• Marlon

    MVP is allegedly a DUMMY of the Salim Group of Indonesia.

    MVP is not the owner of First Pacific Group which owns PLDT, MERALCO, NLEX, TV5, PHILEX etc. He is merely the CEO.

    The real owners are the Salim family of Indonesia who are accused of laundering the billions of dollars that the late dictator Suharto allegedly stole from the Indonesian people. This money is what they use in their business empire across Asia which includes First Pacific which MVP merely manages but does not own.

    MVP does not make a move without the imprimatur of the Salim Group. In effect, the RP economy is being controlled by Indonesians through a Filipino DUMMY.

    By getting GMA, MVP can give good media exposure to his other businesses especially PHILEX mining which is getting bad press from anti-mining ABS-CBN.

    This GMA deal should not push through because it would mean that Indonesians will control Philippine media.

    • indiosbravos2002

      I agree. MVP is a manager not a capitalist. He might act as if he owns the companies but bottomline he is just another employee.

  • main_man40

    if the MVP talks collapsed, then GMA should start talking to SMC. . . i read it somewhere that SMC is also interested in them, too. . . . at least, filipino company. . . . 

  • Keith_P

    Yawn. This isn’t exciting at all one way or the other. Kahit naman nabili ni MVP ang GMA wala pa rin namang magbabago. Nakakabobong basura pa rin naman ang mapapanood sa big three local stations.

    Kung nabili ba ni MVP yang GMA magkakaroon na tayo ng primera klaseng sitcoms tulad ng Modern Family, Arrested Devlopment at Friends? Dramas tulad ng X-Files at Mad Men? Sci-fi shows tulad ng Star Trek at Doctor Who? Educational at scientific programs tulad ng Mythbusters at Seconds From Disaster?

    Asa pa!

    • FernandoBusi

      Asa pa the annual budget of a good sci-fi like “Enterprise” is now $50 million.

  • Loy

    I don’t think MVP is the real buyer of GMA. If MVP is just the point man here of Salim, he would ask: WHY BUY ANOTHER STATION IN YOUR COUNTRY WHEN YOU ALREADY HAVE YOUR CH. 5? WHY NOT USE THAT MONEY TO IMPROVE IT?  I guess, it is a bigger political game.  When Senyor Simyon is back at Times Street after four years, the new incumbent may start asking how come a government asset was given back to the former owner? It pays to have a fallback.  Or the new aspirant may need a network which will have to compete with the network that will back up a Simyon bet.  Anyway, spending even USD3Billion for a network may just be a cost of doing business.  Access to Pagcor funds can easily pay that off.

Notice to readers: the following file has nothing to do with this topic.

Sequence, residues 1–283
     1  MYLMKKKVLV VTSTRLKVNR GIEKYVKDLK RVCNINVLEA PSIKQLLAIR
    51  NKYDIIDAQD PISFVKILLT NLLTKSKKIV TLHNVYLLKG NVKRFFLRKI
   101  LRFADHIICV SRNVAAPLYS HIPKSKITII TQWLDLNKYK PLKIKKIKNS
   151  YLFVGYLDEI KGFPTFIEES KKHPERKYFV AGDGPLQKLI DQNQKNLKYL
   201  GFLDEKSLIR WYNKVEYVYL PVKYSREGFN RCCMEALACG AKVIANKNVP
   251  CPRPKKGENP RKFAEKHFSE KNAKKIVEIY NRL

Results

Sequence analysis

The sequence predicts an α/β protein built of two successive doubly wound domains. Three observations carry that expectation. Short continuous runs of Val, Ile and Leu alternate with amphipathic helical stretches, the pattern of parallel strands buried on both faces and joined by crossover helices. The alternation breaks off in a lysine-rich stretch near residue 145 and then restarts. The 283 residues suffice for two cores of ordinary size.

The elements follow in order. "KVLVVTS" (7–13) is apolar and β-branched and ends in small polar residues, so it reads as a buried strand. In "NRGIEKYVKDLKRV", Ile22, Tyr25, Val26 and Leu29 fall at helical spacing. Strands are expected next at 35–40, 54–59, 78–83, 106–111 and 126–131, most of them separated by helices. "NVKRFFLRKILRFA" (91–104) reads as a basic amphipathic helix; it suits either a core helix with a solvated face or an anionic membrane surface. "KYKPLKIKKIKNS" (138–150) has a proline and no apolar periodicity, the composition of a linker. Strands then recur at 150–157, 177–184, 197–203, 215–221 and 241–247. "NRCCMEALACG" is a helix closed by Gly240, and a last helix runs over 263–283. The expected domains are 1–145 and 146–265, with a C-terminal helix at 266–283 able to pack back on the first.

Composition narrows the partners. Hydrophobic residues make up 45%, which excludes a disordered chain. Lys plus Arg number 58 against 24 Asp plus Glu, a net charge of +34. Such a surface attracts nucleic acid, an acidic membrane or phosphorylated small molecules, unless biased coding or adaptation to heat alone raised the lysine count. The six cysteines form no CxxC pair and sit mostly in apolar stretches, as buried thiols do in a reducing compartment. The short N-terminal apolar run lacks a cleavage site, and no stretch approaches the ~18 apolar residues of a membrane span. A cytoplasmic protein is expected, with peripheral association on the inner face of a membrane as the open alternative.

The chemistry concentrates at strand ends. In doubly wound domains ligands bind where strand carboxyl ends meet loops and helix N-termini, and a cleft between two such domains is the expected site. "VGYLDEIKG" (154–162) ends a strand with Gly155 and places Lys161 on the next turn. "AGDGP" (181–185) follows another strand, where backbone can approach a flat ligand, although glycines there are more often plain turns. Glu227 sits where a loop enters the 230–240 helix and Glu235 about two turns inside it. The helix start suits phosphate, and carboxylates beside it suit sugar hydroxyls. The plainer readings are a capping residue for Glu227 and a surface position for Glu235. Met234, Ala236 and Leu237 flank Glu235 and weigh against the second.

• FernandoBusi

    I don’t know why there are so many anti MVP’s here. Sure he does not own first pacific and its majority owned by Salim Group it doesn’t mean he doesn’t have a brain. Most Filipino employees are used to the idea of sweldo but when you get to be at the top its not just sweldo. You think for what may be best for the company because you also have options tied in to your compensation. Also MVP is a great manager otherwise Anthony Salim would have replaced him, don’t forget there were some whites in First Pacific before who were after MVP but in the ensuing power struggle he won. 

    • wilfel

      You must be under MVP payroll or gains something from the company manage by him. Replying to every criticism MVP gets on this column. But all those comments are right since MVP is not the owner of First Pacific but just a CEO.

      • FernandoBusi

        Actually if business plans proceed I will be on the other side of the fence. But i do admire the man having worked his way up from just another manager at the old Bancorp to what he is now. Saying MVP is just a CEO is like calling Ramon Ang as another CEO the fact that he has remained at his post is impressive CEO’s who don’t perform are kicked out of office.

  • Monsi Serrano

    A lot of people don’t know that MVP’s wealth comes from the Genting Group. If he controls the Number 1 media in the country (which he said in his speech that he wants to acquire the number 1 as told by my friend from TV5), then in my humble opinion, it’s dangerous. Elvira de Lara-Tuprio, you are right. It’ll be a monopoly. When the acquisition pushed thru, there’ll be inevitable “shake up” in the programs and even format of GMA’s good public service programs. Protect his business interests and expand their influence. This is one thing good about GMA, they focus on their “core competency” of having a credible news programs and people. For ABS-CBN, they focus on entertainment which they successfully sustaining and not so much on public affairs because of some credibility issues that has been besieging them. As for TV5, in time you may be the number 1 or 2. Just be patient, because you cannot hatch an egg by hammering it, nor blow a cocoon to bring out the beauty of a butterfly. After all, not everything can be bought by money and Manny (Pangilinan) as well. 

To subscribe to the Philippine Daily Inquirer newspaper in the Philippines, call +63 2 896-6000 for Metro Manila and Metro Cebu or email your subscription request here.

Factual errors? Contact the Philippine Daily Inquirer's day desk. Believe this article violates journalistic ethics? Contact the Inquirer's Reader's Advocate. Or write The Readers' Advocate:

c/o Philippine Daily Inquirer Chino Roces Avenue corner Yague and Mascardo Streets, Makati City,Metro Manila, Philippines Or fax nos. +63 2 8974793 to 94


editors' picks



latest videos